Place the inner pot and steam rack (if you used it) into the hot soapy water. Let it soak for a couple of minutes before scrubbing clean with a cloth, sponge, or scrubbing brush.

Rinse well, then place it on a drying rack or a dish towel to air dry.

4. Clean the Lid and Seal

Remove the rubber seal from the lid. Place the seal and the lid in the hot soapy water and let them soak for a couple of minutes before scrubbing clean. A cloth is easiest for the seal, but you can use a sponge or scrubbing brush if you’d prefer.

Rinse well before air drying on a drying rack or dish towel.

5. Wipe the Base

Dampen a cloth or sponge in plain water and wring it out well. Gently wipe down the outside of the Instant Pot to remove any food drips or residue. Let it air dry.

How to Deep Clean an Instant Pot

Once a month (for frequent users), it’s important to deep clean the instant pot. You can use this as an opportunity to sanitize the device, and remove hard water stains and stubborn residue. This is also a great time to clean the smaller components, such as the anti-block shield, steam release valve, and float valve.

  • Time: 40 minutes.
  • Difficulty: Easy.

What You’ll Need

  • Sink.
  • Hot water.
  • Mild dish soap.
  • Cloth, sponge, or scrubbing brush.
  • Drying rack (optional).
  • Dish towel.
  • Unused toothbrush.
  • Distilled white vinegar.
  • Baking soda (optional).
  • Bowl.
  • Spoon.
  • Microfiber cloths.

1. Let It Cool

Turn off the Instant Pot and unplug it. Let it cool down before getting started.

2. Clean the Interior and Exterior of the Base

Although food doesn’t go directly into the base, it can still get dirty from drips and spills. Dampen a microfiber cloth with plain water and wring it out well.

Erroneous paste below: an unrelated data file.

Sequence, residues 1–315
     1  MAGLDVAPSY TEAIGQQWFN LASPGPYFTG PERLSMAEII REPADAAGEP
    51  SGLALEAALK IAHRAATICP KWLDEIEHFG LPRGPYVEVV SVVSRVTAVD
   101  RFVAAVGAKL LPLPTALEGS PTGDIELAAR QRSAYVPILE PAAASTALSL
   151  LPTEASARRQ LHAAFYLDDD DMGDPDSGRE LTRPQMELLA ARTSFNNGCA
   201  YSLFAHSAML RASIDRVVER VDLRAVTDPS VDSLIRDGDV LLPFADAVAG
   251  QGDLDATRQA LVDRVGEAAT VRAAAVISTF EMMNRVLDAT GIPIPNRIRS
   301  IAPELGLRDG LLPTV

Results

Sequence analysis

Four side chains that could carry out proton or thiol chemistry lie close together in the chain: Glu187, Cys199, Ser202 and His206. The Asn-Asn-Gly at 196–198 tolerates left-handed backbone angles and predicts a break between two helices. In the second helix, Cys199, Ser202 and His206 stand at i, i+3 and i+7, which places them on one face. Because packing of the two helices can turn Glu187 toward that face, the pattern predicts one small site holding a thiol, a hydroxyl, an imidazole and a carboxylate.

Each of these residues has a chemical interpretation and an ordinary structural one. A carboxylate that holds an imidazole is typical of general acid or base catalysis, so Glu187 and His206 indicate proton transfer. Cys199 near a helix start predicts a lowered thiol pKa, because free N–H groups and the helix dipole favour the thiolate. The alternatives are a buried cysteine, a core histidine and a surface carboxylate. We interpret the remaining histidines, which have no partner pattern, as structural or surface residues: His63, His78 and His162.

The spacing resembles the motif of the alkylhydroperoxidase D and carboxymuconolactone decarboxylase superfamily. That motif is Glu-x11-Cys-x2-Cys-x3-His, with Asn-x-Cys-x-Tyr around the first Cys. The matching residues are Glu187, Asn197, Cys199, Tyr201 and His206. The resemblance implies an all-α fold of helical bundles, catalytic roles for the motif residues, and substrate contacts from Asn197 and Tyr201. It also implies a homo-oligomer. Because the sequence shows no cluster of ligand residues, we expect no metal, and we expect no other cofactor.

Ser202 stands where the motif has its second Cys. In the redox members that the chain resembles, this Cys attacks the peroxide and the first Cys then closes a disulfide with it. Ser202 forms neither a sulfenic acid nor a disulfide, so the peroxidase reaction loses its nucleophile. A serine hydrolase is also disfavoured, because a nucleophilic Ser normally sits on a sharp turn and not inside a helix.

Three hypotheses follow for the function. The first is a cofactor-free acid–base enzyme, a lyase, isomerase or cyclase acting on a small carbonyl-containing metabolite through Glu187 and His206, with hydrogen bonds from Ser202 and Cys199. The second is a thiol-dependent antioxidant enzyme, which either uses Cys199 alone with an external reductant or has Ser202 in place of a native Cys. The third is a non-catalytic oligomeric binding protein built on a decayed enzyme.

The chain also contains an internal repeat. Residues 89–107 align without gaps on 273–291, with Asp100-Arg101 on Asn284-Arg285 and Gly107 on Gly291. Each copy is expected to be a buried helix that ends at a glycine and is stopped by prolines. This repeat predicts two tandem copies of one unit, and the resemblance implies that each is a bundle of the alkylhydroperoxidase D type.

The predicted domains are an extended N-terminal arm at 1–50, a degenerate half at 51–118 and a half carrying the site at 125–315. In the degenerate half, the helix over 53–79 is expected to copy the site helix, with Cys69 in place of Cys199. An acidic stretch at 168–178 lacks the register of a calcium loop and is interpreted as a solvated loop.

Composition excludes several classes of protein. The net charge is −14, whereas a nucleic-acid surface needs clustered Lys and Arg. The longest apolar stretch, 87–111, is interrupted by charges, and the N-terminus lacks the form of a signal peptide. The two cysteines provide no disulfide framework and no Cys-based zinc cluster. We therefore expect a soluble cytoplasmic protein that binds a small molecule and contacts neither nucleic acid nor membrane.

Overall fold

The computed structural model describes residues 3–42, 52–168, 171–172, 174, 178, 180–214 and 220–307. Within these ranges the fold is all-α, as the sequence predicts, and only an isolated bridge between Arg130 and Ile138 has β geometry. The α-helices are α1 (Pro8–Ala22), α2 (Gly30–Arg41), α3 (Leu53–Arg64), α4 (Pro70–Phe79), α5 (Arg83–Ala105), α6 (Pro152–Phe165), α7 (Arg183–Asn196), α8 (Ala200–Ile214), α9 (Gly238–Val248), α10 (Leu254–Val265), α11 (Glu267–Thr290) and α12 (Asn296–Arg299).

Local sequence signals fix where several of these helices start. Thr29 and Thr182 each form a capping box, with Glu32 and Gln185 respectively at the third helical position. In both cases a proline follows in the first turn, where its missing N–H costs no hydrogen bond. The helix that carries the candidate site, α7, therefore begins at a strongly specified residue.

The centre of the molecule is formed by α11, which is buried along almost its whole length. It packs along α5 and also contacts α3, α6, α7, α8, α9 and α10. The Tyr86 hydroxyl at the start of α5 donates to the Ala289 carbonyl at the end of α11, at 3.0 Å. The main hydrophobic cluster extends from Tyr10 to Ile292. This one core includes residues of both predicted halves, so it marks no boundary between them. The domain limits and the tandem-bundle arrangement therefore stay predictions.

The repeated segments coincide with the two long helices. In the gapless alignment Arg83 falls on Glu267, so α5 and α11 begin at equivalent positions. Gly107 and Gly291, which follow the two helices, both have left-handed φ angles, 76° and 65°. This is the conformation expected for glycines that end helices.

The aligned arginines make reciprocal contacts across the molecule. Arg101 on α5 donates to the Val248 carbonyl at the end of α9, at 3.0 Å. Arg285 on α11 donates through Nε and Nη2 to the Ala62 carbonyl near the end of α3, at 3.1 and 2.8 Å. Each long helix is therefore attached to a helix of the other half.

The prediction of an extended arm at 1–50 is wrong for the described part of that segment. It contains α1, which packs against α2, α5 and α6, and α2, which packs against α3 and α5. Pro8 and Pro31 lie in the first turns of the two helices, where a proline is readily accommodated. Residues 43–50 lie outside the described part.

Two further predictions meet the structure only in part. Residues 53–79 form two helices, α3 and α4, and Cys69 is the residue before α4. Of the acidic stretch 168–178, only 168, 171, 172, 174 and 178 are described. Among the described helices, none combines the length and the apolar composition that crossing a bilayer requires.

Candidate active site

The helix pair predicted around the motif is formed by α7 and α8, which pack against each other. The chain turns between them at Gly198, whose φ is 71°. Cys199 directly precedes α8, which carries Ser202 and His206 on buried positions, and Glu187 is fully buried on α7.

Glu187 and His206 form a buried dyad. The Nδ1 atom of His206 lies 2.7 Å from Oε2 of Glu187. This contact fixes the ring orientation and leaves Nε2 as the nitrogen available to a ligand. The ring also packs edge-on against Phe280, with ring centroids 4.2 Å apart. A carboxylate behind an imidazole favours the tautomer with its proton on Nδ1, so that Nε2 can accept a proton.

Start by wiping down the exterior of the unit to remove stains. Then wipe the interior well, scrubbing a little harder where necessary. Doing so can help protect your heating element so it lasts longer.

If you have tougher stains, make a paste of one tablespoon of baking soda and a few drops of water. Mix it well in a bowl before dipping a cloth or unused toothbrush into the paste. Apply it to the stains and scrub well.

Once the stains have lifted, wipe the baking soda away with a damp cloth.

To finish off, dampen the unused toothbrush in water and scrub around the lip of the base to remove hidden food residue.

Extra Tip

While at it, dampen a cloth with warm water and wring it out well. Wipe down the power cord to remove greasy residue and dust.

3. Deep Clean the Inner Pot

The inner pot is made of stainless steel, so it’s natural to discolor a little. But if you notice food and hard water stains, this method can help.